Advanced COBOL Programming - CIS51
Professor: Priscilla Grocer
This course will give the student an in-depth understanding of the COBOL
language. The student will work with tables, various problems in file
processing, and on-line processing. By the end of the semester, the
student will have learned to apply advanced programming concepts and to
use the COBOL language eeffectively to accomplish programming goals.
The objective of this course is to give the student an in-depth understanding
of and proficiency in the COBOL language. The student should be able to
write complex COBOL programs. At the completion of this course, the
following objectives should have been accomplished.
- the student should be able to write complicated programs in COBOL using
a wide variety of language elements
- the student should understand sequential and random processing and how
to handle sequential and indexed files
- the student should be able to develop the logic and code for edit, sorts,
updates and screen processing
- the student should lean techniques for designing and writing a well
- the student should be able to effectively use a logic tool such as a
structured flowcharting or pseudocode to assist in the development of their
- the student should be able to use a text editor successfully
- the student should have a more complete understanding of many aspects of
table handling and be able to utilize tables effectively in a program
Texts: The course will rely heavily on instructor notes. For
additional reference students are encouraged to purchase an advanced COBOL
text. As a suggestion, a title that has been used in the past is:
Advanced Application Programming using COBOL
- Concepts of table handling
- Simple tables with direct subscripts (CIS12 review)
- Two and three dimension tables with direct subscripts (CIS12 review)
- Indirect subscripts
- Searching a table with an indirect subscript
- Advanced tables (will be added to at the end of course as time permits)
- Building a table (filling an empty table)
- Location of data
- Structure of data
- Alternative ways of setting up, building, and manipulating tables
- Multiple table levels
- Character manipulation
- SEARCH verb
- Screen processing (CIS12 reviewed first)
- Edit - handouts (CIS12 reviewed first)
- Coding considerations
- Sorting concepts
- Types of sorts and application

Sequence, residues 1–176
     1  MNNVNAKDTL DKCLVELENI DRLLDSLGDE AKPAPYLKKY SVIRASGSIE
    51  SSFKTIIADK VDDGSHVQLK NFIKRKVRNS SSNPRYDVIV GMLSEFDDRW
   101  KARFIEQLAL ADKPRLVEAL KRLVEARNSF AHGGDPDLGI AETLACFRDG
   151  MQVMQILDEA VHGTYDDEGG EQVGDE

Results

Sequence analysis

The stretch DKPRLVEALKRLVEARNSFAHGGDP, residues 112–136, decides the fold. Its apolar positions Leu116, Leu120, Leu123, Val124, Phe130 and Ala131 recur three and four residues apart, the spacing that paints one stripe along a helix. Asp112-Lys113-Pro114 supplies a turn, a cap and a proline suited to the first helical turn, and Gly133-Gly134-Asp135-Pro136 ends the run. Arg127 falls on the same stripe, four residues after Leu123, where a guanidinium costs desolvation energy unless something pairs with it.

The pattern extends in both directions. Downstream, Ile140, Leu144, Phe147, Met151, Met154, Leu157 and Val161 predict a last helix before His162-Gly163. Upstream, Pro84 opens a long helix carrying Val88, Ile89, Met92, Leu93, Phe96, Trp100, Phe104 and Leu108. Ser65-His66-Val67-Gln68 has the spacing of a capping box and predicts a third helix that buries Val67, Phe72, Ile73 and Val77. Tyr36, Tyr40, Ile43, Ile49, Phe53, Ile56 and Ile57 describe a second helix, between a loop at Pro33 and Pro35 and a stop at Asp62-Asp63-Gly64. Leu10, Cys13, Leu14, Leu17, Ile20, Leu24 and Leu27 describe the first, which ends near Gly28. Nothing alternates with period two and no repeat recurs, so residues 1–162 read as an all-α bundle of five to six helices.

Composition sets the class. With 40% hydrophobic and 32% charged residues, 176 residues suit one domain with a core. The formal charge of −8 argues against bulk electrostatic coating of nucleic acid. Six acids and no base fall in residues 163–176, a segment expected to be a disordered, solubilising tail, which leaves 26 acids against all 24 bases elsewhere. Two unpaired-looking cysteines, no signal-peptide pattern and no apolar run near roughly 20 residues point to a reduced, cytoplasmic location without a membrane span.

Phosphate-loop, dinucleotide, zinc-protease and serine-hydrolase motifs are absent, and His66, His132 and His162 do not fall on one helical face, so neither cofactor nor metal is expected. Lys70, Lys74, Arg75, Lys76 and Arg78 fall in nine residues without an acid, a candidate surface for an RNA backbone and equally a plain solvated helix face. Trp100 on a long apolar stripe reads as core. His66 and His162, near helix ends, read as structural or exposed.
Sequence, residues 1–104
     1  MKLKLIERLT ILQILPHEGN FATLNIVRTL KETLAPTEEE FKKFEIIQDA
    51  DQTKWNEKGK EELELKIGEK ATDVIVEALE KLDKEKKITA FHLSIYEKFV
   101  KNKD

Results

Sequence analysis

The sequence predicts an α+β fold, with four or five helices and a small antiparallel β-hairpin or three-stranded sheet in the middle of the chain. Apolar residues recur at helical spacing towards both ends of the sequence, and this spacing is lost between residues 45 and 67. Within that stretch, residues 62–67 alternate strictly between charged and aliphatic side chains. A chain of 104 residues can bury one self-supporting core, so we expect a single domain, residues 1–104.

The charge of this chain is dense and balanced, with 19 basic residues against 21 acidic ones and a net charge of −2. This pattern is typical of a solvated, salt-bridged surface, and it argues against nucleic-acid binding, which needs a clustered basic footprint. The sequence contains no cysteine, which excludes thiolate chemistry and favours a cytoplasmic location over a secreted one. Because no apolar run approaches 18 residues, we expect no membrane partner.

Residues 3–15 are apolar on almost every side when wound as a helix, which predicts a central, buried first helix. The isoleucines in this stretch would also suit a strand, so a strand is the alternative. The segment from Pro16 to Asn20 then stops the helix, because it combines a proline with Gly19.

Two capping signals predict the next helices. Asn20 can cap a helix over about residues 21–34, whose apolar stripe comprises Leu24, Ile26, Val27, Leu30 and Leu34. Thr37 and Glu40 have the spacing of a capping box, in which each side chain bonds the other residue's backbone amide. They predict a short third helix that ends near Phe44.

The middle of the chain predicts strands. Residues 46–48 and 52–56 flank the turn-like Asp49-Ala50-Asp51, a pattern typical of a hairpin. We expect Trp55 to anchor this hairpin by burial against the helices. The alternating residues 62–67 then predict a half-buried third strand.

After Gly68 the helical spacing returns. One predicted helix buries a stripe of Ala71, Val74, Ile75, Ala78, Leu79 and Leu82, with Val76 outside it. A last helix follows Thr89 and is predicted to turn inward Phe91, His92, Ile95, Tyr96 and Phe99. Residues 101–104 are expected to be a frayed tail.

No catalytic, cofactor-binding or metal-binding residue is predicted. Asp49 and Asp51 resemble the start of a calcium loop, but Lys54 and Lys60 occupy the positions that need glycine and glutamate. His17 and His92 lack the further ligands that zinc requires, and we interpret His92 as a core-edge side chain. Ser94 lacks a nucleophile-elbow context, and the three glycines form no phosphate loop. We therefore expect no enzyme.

- Considerations for use
- Coding considerations
- Additional COBOL
- Additional statements
- Screen processing techniques
- COPY statement
- CALL statement
- Additional advanced COBOL concepts and coding techniques will be
introduced as time permits
Exams: There will be one written exam and a final examination. The
final will cover the work of the semester.
Any quizzes will be announced and will only be given if the instructor feels
they are necessary. Quizzes will count as 1 or 2 homework assignments
depending on the depth of the quiz. All exams and quizzes are open notes
and open book unless otherwise announced. The student should check the Web site
for information about exams and quizzes.
Homework: The student will be required to submit homework assignments
two class periods from the day of the assignment unless otherwise noted.
Assignments will consist mainly of program segements for the student to
code, flowcharting assignments, analysis of programs and logic questions. The student
should check the Web site for assignment postings.
Programs: The student will be required to write complete COBOL
programs and to take standard programs and modify them. All programs should
be passed in with rough coding, the programming logic flowchart (or another
logic tool if it has been approved by the instructor) and the program with
the output attached. The student should check the Web site for program postings.
- 10% Exams (mid-semester - if people are keeping up class can decide on exam, if no exam 10% goes to homework and programs etc. - individual can elect to take exam)
- 10% Final
- 70% Homework, programs and quizzes
- 10% Class participation, responsibility about work, keeping up to date, quality of work,
adding extras that are above and beyond, showing initiative, figuring out problems etc.
Evaluation: Assignments and programs are graded using either number
grades or letter grades based on the following (A=90-100, B=80-89, C=70-79,
D=60-69, F=below 60). The students grade for the course will use the same
scale and will be based on the percentages explained in the grading section.
Plus and minus grades will be given.
Attendance: The student is allowed to cut six one hour classes.
Methodology: The course is given using the lecture method and the student is
encouraged to ask questions at any point during the lecture. When
appropriate, classes exercises and problem solving techniques are used.
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